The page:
The National Health and Family Planning Commission, China has notified the World Health Organization (WHO) of an additional laboratory-confirmed case of human infection with avian influenza A(H7N9) virus. This is the first new confirmed case of human infection with avian influenza A(H7N9) virus since May 29, 2013.
The patient is a 61-year-old woman from Langfang City in Hebei Province who became ill on July 10, 2013. She was admitted to a local hospital July 10-15, 2013 and transferred to a hospital in Beijing on July 18. She is in a critical condition. On July 20, 2013, Beijing Municipal Center for Disease Control (CDC) confirmed avian influenza A(H7N9) virus by nucleic acid detection.
To date, WHO has been informed of a total of 134 laboratory-confirmed human cases with avian influenza A(H7N9) virus including 43 deaths. Four cases are hospitalized and 87 have been discharged. So far, there is no evidence of sustainable human to human transmission.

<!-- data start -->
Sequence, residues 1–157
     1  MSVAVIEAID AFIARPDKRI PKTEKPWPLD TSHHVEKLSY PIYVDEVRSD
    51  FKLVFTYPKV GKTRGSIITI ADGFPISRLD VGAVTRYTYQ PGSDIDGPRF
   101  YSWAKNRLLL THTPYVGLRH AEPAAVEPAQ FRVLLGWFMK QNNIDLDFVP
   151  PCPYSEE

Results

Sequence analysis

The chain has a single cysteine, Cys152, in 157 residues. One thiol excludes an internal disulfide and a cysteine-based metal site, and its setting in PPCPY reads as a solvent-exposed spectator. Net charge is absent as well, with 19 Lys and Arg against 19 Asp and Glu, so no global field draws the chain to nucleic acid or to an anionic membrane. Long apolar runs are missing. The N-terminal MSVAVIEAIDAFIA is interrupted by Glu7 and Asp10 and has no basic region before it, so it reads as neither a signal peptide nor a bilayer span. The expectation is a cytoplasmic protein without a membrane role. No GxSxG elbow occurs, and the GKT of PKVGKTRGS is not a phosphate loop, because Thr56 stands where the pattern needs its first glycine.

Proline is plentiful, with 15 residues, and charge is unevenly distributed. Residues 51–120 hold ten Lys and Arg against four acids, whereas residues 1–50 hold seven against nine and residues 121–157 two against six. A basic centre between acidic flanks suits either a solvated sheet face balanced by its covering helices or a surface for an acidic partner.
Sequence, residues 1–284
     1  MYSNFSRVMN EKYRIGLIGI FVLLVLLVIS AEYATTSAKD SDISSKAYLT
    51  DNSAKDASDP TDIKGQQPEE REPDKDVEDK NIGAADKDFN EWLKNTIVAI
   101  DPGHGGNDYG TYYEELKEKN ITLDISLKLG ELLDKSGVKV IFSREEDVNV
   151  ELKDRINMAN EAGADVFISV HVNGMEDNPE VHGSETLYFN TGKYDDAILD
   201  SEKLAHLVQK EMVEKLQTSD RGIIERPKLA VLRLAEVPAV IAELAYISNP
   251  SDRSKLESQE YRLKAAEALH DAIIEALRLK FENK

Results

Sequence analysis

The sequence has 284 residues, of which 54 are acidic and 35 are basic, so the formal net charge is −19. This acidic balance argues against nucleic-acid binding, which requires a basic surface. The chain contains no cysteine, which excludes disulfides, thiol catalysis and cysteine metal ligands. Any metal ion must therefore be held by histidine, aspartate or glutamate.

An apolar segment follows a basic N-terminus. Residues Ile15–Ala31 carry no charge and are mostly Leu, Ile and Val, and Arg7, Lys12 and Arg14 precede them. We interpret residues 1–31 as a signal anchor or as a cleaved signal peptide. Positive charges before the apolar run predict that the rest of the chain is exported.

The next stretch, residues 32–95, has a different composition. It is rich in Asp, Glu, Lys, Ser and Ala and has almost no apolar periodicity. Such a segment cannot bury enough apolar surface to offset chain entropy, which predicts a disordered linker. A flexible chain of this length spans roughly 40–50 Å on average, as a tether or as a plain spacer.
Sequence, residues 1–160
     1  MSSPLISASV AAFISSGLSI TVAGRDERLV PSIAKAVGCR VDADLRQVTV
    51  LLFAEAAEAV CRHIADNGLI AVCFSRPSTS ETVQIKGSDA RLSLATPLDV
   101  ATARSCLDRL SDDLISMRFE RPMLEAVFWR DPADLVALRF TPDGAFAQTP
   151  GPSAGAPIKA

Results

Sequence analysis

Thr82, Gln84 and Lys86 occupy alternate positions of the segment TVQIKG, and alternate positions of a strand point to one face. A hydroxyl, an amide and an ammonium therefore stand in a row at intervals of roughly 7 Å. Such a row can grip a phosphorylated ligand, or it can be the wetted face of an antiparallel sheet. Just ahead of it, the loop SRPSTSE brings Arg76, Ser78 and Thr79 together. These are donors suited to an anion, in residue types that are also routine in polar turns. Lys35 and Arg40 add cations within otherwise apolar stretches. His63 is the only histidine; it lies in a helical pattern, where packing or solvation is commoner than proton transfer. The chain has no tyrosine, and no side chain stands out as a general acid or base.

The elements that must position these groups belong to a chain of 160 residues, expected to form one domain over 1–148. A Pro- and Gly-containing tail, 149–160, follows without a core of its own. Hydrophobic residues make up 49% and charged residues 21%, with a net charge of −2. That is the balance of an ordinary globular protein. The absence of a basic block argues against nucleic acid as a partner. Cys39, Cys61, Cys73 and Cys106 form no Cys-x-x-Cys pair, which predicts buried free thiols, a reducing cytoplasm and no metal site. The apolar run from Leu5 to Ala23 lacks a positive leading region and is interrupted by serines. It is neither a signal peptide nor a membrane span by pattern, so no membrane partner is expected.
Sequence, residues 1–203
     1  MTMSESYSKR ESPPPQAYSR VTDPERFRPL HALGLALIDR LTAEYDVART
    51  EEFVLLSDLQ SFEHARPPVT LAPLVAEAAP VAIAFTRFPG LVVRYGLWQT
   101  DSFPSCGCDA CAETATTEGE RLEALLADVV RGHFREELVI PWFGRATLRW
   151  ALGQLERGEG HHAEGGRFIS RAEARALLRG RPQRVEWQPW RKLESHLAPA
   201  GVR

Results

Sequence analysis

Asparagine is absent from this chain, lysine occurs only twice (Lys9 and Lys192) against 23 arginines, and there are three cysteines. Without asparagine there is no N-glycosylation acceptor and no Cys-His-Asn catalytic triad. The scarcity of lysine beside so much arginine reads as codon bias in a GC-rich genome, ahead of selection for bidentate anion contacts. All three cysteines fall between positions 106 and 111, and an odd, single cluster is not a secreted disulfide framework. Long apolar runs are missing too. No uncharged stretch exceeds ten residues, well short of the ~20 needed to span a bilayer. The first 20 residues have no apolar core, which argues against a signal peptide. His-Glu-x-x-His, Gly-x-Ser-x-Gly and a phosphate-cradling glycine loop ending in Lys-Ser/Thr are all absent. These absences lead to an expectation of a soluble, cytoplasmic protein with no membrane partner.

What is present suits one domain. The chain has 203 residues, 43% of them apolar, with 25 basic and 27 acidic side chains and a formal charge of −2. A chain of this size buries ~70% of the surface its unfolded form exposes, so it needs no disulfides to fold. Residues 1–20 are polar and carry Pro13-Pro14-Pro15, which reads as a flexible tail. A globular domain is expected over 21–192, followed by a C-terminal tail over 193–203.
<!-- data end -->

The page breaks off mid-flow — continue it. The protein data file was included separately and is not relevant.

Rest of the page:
The Chinese government continues to take strict monitoring, prevention and control measures, including: strengthening of epidemic surveillance and analysis; deployment of medical treatment; conducting public risk communication and information dissemination; strengthening international cooperation and exchanges; and is continuing to carry out scientific research.
WHO also has been informed of two additional laboratory-confirmed cases of Middle East respiratory syndrome coronavirus (MERS-CoV) infection in Saudi Arabia. Both cases are currently critically ill and hospitalized in ICUs. The first case is a 41-year-old Saudi male in Riyadh who presented to the hospital with symptoms on July 15. The second patient is a 59-year-old Saudi female in the Al-Ahsa governorate. She presented with symptoms on July 11. Both patients have underlying medical conditions, but neither patient has had contact with known MERS-CoV confirmed cases or animals. WHO is seeking more information from the National IHR Focal Point of Saudi Arabia.
Globally, from September 2012 to date, WHO has been informed of a total of 90 laboratory-confirmed cases of infection with MERS-CoV, including 45 deaths.